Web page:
- Con: Slow charge times: Level 1 can fully recharge the standard EV in about 8 hours, delivering 2-5 miles of range per hour of charge.
- Who might consider Level 1? Level 1 charging may be appropriate for your property if you expect tenants to be on site overnight or throughout the day, or there is an outlet readily available and accessible to start EV charging today!
Level 2 delivers a maximum of 240 volts through an electrical outlet similar to that of a dryer.
- Pro: Faster charge time; Level 2 can recharge a standard EV battery in about half the time as level 1, delivering 5-10 miles of range per hour of charge time.
- Con: usually requires additional EVSE installation, and the cost of installation will vary depending the need for infrastructure changes.
- Who might consider Level 2? Level 2 charging stations will meet the needs of most properties, particularly apartments or workplaces. Level 2 can meet the needs of most EV users without extensive costs or hassle.
Level 3, or DC fast charging, delivers over 360 volts using new and developing charging technologies.
- Pro: Fastest charge time: DC fast chargers deliver 60-80 miles of range in just 20 minutes of charge time. Within 30 minutes, you can recharge the battery up to 80%.
- Con: This type of charging is still quite costly and not widely available on a commercial basis.
- Who might consider Fast Charging? Fast charging could easily become the norm of the future as EV technology becomes more sophisticated, so this is good for forward looking property managers who may have customers that are not on site for as long of periods of time.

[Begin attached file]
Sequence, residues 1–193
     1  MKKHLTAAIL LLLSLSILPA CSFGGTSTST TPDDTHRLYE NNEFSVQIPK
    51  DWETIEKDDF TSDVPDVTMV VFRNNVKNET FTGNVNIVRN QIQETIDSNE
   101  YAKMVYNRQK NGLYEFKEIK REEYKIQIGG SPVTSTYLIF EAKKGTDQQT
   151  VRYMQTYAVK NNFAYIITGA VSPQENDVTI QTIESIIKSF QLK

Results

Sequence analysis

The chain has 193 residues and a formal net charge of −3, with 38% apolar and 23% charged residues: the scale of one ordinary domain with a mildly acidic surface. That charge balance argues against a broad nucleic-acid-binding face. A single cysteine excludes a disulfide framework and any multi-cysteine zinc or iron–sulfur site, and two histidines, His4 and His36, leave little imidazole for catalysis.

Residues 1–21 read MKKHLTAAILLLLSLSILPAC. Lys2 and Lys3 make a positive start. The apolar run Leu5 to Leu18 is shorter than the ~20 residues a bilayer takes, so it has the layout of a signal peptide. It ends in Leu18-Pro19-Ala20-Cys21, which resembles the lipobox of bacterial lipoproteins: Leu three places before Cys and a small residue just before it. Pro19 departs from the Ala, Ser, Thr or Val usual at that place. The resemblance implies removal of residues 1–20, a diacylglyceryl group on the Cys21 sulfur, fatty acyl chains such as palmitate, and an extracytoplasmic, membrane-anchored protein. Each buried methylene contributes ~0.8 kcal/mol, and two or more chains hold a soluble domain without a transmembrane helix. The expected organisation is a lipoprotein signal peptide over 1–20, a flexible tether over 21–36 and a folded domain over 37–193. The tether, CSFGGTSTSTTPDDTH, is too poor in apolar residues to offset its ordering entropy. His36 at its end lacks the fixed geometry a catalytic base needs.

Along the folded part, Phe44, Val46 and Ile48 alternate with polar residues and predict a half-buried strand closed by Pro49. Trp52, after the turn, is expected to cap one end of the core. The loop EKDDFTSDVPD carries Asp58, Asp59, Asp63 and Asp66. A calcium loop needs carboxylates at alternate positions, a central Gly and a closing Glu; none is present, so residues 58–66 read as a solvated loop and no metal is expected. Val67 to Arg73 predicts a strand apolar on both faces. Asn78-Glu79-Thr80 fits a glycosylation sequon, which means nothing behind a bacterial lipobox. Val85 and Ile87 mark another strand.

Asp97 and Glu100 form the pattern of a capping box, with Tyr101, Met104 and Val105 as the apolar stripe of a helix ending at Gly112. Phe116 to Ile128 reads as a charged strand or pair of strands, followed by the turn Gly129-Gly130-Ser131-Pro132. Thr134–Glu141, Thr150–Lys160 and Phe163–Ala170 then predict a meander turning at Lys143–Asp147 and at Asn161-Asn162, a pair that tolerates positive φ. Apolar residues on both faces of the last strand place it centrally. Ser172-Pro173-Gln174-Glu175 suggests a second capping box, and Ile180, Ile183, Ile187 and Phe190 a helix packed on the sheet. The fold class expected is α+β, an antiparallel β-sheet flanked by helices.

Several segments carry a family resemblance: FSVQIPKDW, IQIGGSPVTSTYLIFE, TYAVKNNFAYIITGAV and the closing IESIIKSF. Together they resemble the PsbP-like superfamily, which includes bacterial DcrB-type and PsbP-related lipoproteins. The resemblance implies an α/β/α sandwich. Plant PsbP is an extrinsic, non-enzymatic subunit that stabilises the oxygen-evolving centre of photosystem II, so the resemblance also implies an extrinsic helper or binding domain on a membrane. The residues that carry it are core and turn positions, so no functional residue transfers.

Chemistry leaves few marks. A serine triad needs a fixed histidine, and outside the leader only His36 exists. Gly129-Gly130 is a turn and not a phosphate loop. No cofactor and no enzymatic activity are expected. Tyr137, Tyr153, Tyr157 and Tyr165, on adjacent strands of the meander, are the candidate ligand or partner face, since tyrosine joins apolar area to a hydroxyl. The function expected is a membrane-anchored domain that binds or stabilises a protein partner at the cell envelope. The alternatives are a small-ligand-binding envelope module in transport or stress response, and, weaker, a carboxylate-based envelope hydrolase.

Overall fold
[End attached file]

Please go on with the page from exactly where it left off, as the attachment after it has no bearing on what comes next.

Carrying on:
Want to show you’re hard at work making your building as sustainable as possible? You can get LEED (Leadership in Energy and Environmental Design) certification points just by installing an EV charging station! Is your building more than 4 stories tall? Commercial or multi-family residences over 4 stories qualify for up to 3 points under the New Construction program, and 3 and 15 points under the Existing Building Program.
Is your building less than 4 stories? Single family homes and multi-family residences under 4 stories are eligible for one 1 credit under “innovative Design” criteria.
As a property owner, providing electric vehicle charging capabilities, or EVSE, for your tenants is a way to distinguish yourself as an environmentally conscious thought-leader who anticipates customer needs. Here are 2 of the many perks associated with having an EVSE on your property:
Feature it as an amenity to appeal to tenants. Just like you might feature a pool at an apartment complex or free wi-fi at a coffee shop, EVSE is an amenity that will get more customers inside your building to take advantage of whatever service offer– be it a place to live, banking services, or retail. Also, take advantage of the highly visible space for advertising!
As a property owner, providing electric vehicle charging capabilities, or EVSE, for your tenants is a way to distinguish yourself as an environmentally conscious thought-leader who anticipates customer needs.
Want to show you’re hard at work making your building as sustainable as possible? You can get LEED (Leadership in Energy and Environmental Design) certification points just by installing an EV charging station!